The priestly class were introduced in the sub-continent by the Zoroastrian religion, who had continued the Euro-Aryan tradition. But in Iran they evolved as, initially, three classes being the ‘airyaman’, the ‘xaetu’ and the ‘verezena’, meaning the priests, the noblemen and husbandmen, or cattle grazers. The foundations of the caste system were there. This points to the grazing traditions of the Aryans over thousands of years, and the fact that the ‘cow’ was important and fought over. With time as Zoroastrianism meshed with local beliefs, a fourth class emerged, as the Avesta tells us, that being the priest, the charioteer, the herdsman and the artisan. In Old Persian the word for ‘colour’ is ‘pistra’, from which the word ‘caste’ evolved.
As the Zoroastrian grip on our land strengthened, they set themselves up in the Punjab. Their ruler lived in the Lahore Fort and at the highest point of the ancient walled city of Lahore was an impressive Fire Temple. Herodotus mentions this in his description of Darius III. (Read De Santis ‘At the Crossroad of Conquest’). That fire temple was destroyed by the Afghan invader Mahmud in 1021 AD. But our interest lies in how in the land of Punjab and the Khyber Pakhtunkhwa the caste system was entrenched, while towards the west a fairer scheme prevailed.
As the caste system further increased with colour being a major consideration, a fifth caste, the ‘untouchables’ came about. It was the birth of the Vedas in our land and the birth of Hinduism, which finally saw the Mahabharata, or the Battle of Ten Kings (Dasanrajan) being fought on the banks of the Ravi at Mahmood Booti. The ruler of Lahore, King Bharata, prevailed. So from the castes of Zoroastrians to the inherited castes of Hinduism created by the priests of the new order, a transformation took place. Zarathustra was undoubtedly a prophet and teacher who preached the One Almighty’s message of good deeds. The new religion, though still based on one Almighty, was led by priests who preached numerous manifestations of. It was this fatal change that saw the new Aryans push the new caste-led religion of priests eastwards.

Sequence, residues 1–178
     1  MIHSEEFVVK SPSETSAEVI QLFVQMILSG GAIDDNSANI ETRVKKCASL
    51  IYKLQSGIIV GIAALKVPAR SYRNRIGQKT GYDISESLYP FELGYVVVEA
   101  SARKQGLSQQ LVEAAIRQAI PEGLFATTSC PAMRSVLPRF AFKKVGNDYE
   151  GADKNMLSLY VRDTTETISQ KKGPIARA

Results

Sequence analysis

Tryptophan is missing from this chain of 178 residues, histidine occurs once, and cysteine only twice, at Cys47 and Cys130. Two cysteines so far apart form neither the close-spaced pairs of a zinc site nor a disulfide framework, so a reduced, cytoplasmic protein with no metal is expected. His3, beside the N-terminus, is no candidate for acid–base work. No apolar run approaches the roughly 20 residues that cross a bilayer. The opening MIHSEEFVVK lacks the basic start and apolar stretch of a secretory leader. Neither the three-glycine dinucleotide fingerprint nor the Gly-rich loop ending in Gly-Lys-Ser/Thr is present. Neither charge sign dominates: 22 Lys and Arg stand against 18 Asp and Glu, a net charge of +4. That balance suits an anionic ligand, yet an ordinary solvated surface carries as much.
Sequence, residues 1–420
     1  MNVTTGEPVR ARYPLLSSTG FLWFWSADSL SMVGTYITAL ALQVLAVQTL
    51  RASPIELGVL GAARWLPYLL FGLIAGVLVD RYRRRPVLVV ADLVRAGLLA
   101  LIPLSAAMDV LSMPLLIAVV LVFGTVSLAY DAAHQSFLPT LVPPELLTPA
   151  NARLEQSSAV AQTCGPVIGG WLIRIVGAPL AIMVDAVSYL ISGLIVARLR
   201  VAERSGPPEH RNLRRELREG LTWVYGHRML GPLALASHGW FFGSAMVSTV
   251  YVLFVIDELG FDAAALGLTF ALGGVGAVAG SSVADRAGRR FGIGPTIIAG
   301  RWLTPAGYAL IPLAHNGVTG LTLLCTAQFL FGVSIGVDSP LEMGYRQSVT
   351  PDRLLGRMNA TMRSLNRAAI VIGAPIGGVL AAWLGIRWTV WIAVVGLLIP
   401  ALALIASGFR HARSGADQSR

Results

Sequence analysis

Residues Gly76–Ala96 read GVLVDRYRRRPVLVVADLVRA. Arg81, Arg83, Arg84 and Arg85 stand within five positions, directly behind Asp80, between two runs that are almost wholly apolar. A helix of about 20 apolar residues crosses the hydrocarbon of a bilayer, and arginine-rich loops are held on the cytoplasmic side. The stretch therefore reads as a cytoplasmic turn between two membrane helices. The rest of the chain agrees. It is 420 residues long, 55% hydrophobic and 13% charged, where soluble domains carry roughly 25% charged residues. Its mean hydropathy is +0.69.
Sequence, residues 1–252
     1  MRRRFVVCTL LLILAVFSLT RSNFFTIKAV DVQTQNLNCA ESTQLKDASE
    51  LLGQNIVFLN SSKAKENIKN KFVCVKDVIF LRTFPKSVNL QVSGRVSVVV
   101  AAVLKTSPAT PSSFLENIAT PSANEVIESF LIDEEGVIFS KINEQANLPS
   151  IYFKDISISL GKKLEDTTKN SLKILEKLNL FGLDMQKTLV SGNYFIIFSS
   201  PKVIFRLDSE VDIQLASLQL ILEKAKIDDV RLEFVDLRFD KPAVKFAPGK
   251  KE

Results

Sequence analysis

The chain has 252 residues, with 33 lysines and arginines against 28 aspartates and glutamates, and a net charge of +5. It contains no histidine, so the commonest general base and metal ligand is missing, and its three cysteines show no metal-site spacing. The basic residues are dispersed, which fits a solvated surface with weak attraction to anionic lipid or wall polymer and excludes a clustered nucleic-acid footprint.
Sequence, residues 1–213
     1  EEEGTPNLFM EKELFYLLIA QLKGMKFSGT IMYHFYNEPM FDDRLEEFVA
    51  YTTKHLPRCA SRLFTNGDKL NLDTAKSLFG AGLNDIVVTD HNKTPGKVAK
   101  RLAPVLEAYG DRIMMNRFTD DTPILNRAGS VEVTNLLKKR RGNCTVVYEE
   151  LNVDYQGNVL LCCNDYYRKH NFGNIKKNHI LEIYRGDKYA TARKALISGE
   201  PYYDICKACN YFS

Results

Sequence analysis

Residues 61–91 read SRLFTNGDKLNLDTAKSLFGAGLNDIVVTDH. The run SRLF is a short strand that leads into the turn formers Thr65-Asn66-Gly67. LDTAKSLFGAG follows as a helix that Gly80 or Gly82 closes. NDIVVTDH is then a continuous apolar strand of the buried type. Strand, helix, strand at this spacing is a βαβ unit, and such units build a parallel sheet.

In a way it would not be out of place, far-fetched as it might seem, that the very creation of Pakistan, communal in nature without doubt, was a continuation of an ancient tussle. The coming of Islam which did not propagate castes or divisions accelerated this process. In the Gandhara and Harappa lands a much more egalitarian belief systems emerged. In a way the birth of Sikhism just 26 miles from Lahore was an expression of this ancient tussle for equality.
What is happening today in Bharat (a name based on a Lahore ruler) is the caste system in full force. The struggle in a way is ancient. The Dravidians - non-Indo-Europeans - were influenced by Vedic religions, and we see that with time the Aryans started following Dravidian Gods, but in an Aryan manner. Given the ancient historic context of this struggle between prophets and priests, it might take a few more centuries to resolve, if not more. But then will this conflict ever be resolved?
Maybe if we educate – Iqra - our population to follow prophets not priests, just as Islam tells us to, we might emerge the better. At least that is the lesson we in Lahore and Pakistan must learn. Across that dividing line of hate that ancient conflict of hate between prophets and priests is, very sadly, acquiring a deadly face. Was it inevitable? More research on this issue is needed.
Published in Dawn, December 22nd, 2019